Census shows Christianity not dead

Headshot of Gavin Box
Gavin BoxGeraldton Guardian
Basilica Notre-Dame of Geneva. Stained glass window. The passion of Jesus Christ. Geneva, Switzerland. (Photo by: Godong/UIG via Getty Images)
Camera IconBasilica Notre-Dame of Geneva. Stained glass window. The passion of Jesus Christ. Geneva, Switzerland. (Photo by: Godong/UIG via Getty Images) Credit: Getty Images

Christianity remains far from a spent force in Geraldton, according to 2016 Census figures.

Data released by the Australian Bureau of Statistics recently showed 21,458 people (62.5 per cent) in the City of Greater Geraldton nominated Christianity as their religion, higher than the national figure of 57 per cent and WA’s 55 per cent.

Of those, almost half were Catholics and almost a third were Anglicans, followed by other denominations.

The number of Christian adherents in Geraldton rose by about 200 people in the decade from 2006-2016.

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In all age groups, including late teens and 20-somethings, professing Christians outnumbered those with no religion.

The next three biggest faith groupings were Islam (1.5 per cent), Buddhism (1.04 per cent) and Hinduism (0.4 per cent).

One in three people (11,652) nominated no religion, compared to 7133 in 2006, but a census disclaimer warned changes to the religion question may account for the significantly higher response.

For the first time in the census, the “no religion” option was positioned first on the list of possible responses.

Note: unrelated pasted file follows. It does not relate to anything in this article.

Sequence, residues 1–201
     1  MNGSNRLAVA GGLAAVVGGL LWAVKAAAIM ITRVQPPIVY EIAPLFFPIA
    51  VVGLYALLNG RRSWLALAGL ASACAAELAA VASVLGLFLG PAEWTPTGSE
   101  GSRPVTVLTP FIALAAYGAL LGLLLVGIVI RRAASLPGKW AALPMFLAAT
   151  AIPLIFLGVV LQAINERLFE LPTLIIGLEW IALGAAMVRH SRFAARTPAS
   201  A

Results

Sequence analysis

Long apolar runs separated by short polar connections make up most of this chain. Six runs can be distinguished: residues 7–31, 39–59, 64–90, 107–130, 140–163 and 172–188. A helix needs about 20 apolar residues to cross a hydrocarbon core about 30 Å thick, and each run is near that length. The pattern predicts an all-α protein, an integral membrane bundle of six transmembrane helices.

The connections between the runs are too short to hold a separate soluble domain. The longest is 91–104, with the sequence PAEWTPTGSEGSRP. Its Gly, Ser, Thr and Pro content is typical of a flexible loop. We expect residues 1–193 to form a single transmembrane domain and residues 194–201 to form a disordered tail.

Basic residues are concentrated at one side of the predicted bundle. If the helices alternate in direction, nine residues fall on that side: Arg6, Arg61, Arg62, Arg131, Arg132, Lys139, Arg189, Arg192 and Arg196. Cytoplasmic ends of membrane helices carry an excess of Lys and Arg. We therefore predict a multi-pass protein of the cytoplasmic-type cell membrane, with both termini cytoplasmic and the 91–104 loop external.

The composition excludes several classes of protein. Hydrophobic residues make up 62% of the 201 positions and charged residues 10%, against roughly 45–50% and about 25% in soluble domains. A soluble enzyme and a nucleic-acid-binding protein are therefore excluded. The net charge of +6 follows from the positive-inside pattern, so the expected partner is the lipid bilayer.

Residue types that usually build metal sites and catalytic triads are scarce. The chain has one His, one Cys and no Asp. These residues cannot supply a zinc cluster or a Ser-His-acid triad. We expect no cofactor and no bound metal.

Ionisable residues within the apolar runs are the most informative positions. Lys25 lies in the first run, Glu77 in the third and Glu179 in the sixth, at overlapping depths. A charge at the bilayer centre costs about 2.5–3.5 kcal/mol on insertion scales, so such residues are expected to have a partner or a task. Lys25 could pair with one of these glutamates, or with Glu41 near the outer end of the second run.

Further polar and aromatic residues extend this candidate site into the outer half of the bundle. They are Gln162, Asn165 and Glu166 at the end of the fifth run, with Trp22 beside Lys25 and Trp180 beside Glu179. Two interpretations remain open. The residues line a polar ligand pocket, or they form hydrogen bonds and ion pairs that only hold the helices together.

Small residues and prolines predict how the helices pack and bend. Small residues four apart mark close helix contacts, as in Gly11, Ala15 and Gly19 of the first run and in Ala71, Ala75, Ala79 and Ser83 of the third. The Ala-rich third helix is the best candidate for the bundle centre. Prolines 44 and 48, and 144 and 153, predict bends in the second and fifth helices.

Despite the so-called march of secularism in Australian society, less than 1 per cent (0.25 per cent) said they had secular beliefs.

Marriage, sometimes maligned as a social institution, remained the dominant union, with 11,777 people (45.8 per cent) in a registered marriage.

Those in the census category of de facto marriage, which includes same-sex couples, numbered 3533 (13.7 per cent).

Aside from rises in the population and cost of living, there was little change in the snapshot of Geraldton life in the decade from 2006-2016.

The population increased by 12 per cent, from 33,864 in 2006 to 38,634 in 2016.

The median household income rose from $958 to $1335.

Median monthly mortgage repayments almost doubled, from $1000 to $1733, but that could be a sign of lower interest rates and a saving mentality in trying economic times, rather than a reflection on housing costs.

Median rental payments almost doubled from $135 a week to $265.

The cultural mix remained the same, with almost all residents born in Australia (29,553), followed by the UK (1875), New Zealand (723), South Africa (524) and the Philippines (458) rounding out the top five nations represented.

Of those born in Australia, 12 per cent (3739) were Aboriginal or Torres Strait Islanders.

Housing and education remain an issue for the indigenous community.

Figures showed a higher proportion of indigenous people renting than in homeownership and the proportion of households needing extra bedrooms was 10 to one compared with the rest of the community.

The proportion of people completing Year 12 was also lower, although most had completed at least Year 10.

The Australian Bureau of Statistics will release more census figures, including job statistics, in October.

Typical Geraldton resident (according to 2016 Census)

* 38-year-old woman

* Born in Australia of Australian-born parents

* Married with two children

* Christian

* Speaks English at home

* Pays $1733 a month mortgage on a three-bedroom house

* Household income of $1348 a week

* Has two cars

* Does between five and 14 hours of unpaid work around the home

* Finished Year 12

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